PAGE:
Gold investors still preferring to wait on the sidelines
Given the current economic climate, investors are holding out for the quarterly numbers to come out before pinning their colours to the equity rerating mast.
Posted: Tuesday , 25 Oct 2011
Here in South Africa, quarterly gold results are due from Harmony and DRD Gold in the next week but, in the current economic climate, investors and analysts remain cautious. And, the apparent disconnect between the bullion price, profit margins and the gold equity prices is symptomatic of this.
Whilst the US dollar/oz gold price has increased 185% over the last five years, Harmony's share price over a similar period has decreased by 24%. Even more severely affected, DRD Gold has decreased by 60% over a comparative period. These moves are readily explained by declining grades, corporate restructuring, the difficulty with cost containment and the safety risk attached to the removal of the ore.
Investors have become more risk averse and prefer what some analysts deny is the safe haven status of gold. The ease with which investors can now trade in the underlying metal via exchange traded funds has also contributed to stronger flows not to mention the gold ATM's springing up in China, and Dubai, among other places.
Looking at the movements over the past year, the yellow metal has increased by 16.7% and Harmony's share price by a similar number (17%) showing a return to correlation once again but the long term gap persists.
An analyst who preferred not to be named, is wary of gold equities preferring the "wait and see" game, to confirm if the higher bullion price will flow through to the bottom line. With the global uncertainty weighing heavily only the delivery of solid results by the miners along with an upswing in global investor sentiment is likely to spur any positive share price movement. The logical question being asked is, how much the higher inflationary environment we find ourselves in has eroded the flow through of the high metal price.
Imaru Casanova, a managing director at boutique investment bank, McNicoll Lewis & Vlak's New York office told Mineweb "overall markets are depressed and there is a lack of belief in margins."
Imaru says that gold companies in the past have not paid high dividends and some have disappointed investors by not realizing margins as high as the strong gold price may suggest, due to increasing costs.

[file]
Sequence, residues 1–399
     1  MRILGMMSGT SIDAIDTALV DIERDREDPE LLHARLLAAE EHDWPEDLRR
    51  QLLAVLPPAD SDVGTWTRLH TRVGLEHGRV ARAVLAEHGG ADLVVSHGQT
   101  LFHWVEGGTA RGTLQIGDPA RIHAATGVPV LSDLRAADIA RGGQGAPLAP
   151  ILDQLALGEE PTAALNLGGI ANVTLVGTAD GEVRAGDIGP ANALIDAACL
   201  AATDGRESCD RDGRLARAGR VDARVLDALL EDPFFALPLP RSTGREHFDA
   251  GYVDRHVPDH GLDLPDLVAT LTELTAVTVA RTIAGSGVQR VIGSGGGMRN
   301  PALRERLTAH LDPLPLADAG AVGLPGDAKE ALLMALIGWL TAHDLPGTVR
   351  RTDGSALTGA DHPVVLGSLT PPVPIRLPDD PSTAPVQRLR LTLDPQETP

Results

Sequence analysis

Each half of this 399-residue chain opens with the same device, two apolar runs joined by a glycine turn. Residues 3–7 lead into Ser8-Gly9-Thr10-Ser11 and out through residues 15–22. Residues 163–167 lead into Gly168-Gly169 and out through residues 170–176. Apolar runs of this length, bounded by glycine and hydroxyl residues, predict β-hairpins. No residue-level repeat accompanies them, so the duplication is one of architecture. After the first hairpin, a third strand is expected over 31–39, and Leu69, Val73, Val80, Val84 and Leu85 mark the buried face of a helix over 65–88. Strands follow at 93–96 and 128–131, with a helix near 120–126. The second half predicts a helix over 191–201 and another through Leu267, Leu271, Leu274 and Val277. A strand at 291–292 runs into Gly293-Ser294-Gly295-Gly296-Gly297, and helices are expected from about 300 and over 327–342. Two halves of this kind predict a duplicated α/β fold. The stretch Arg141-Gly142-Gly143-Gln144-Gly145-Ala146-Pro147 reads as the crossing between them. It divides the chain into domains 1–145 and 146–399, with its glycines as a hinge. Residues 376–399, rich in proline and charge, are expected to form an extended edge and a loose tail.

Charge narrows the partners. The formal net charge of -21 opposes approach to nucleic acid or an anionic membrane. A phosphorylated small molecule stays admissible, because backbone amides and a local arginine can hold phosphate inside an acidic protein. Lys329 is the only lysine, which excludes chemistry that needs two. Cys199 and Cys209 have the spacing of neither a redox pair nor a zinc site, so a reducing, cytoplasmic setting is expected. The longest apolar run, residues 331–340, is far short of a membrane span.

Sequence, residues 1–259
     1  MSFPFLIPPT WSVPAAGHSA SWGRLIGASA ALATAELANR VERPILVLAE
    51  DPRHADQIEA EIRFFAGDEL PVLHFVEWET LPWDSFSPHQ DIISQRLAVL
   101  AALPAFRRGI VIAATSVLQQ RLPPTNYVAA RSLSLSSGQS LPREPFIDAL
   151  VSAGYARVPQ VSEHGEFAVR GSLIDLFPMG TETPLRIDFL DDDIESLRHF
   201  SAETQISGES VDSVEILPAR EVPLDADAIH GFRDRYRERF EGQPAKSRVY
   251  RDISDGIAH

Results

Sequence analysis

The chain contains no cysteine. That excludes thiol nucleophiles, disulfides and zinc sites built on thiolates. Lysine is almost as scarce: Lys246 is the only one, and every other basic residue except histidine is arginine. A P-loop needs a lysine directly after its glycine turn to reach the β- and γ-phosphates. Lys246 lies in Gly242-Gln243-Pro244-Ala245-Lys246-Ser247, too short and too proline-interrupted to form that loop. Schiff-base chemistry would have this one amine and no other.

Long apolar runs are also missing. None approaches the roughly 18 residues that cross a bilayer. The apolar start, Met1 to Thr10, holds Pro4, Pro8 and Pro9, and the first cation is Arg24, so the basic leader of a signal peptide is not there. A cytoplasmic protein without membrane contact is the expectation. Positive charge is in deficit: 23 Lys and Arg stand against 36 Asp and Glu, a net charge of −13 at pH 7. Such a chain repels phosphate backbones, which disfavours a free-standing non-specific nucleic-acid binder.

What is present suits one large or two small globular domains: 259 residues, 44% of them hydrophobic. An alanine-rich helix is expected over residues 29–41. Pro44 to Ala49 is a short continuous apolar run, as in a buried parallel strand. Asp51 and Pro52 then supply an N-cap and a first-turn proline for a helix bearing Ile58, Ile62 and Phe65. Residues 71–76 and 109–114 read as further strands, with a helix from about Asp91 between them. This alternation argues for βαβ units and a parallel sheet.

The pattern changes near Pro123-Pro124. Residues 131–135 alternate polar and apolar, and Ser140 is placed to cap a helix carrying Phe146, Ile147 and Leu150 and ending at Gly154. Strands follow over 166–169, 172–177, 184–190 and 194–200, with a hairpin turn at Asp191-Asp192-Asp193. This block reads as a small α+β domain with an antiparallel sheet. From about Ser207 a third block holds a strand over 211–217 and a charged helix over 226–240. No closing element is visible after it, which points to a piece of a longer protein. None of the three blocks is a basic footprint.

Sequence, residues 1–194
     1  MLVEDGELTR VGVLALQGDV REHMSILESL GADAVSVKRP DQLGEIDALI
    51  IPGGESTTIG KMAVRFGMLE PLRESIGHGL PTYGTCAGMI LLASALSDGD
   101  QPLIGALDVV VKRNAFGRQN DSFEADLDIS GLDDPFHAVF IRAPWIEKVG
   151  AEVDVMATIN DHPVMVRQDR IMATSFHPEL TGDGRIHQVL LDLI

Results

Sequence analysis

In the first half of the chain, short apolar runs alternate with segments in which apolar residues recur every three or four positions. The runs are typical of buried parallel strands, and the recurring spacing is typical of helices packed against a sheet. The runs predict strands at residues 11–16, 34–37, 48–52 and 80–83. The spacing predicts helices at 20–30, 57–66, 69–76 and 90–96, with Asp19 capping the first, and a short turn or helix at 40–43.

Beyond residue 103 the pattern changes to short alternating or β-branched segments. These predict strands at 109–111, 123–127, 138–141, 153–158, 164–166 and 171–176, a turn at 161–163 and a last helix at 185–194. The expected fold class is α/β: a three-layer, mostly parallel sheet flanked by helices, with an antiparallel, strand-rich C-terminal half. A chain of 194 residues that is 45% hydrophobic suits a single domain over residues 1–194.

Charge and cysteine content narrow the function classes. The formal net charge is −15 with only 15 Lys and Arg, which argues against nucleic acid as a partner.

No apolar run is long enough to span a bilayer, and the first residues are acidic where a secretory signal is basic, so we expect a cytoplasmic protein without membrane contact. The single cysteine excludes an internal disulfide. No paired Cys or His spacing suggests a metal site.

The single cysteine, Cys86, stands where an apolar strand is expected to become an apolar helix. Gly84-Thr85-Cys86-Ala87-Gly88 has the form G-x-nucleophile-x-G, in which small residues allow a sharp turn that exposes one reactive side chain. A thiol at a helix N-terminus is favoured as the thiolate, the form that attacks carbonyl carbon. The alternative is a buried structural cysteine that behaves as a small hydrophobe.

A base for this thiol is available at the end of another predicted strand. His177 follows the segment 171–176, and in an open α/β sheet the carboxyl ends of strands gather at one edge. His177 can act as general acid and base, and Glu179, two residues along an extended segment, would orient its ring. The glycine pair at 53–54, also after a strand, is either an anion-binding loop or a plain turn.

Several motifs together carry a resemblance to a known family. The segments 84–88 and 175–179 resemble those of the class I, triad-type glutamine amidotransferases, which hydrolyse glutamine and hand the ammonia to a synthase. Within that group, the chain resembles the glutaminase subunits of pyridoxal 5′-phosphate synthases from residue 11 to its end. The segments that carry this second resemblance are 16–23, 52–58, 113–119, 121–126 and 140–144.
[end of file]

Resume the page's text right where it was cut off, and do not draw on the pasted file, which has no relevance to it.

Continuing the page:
She went on to say that this could be an opportunity for investors, with a long term horizon, to look at acquiring equities as the gold price has shown strong support at current levels and combined with economic stability and less market volatility, gold prices could climb again with the relevant equities expected to follow suit.
AngloGold's outlook in its latest six monthly report states that "...the ongoing sovereign solvency turmoil in Europe should underpin the gold price going forward. Despite the modest 4.5% increase in the average gold price in the quarter under review, the increase marks the 10th consecutive quarter of growth and represents gold's longest winning streak since the 1920s."
The company's Chief Executive Mark Cutifani has also recently been quoted in media reports saying that he sees no bubble in gold prices at current levels and says that prices could easily go higher amid global economic uncertainty.
The analysts tend to agree. Tom Kendall, the vice president for commodities research at Credit Suisse, is of the opinion that gold will trade higher over the balance of this year. He expects, sooner or later, to break out of the $1600 - $1700 range and through into next year he foresees a push above the high of around $1920 that we saw earlier this year, and thinks that gold will, without a doubt, trade up above $2000 next year.
If this turns out to be the case, nothing short of spectacular results announcements from the miners is likely to facilitate a catch up.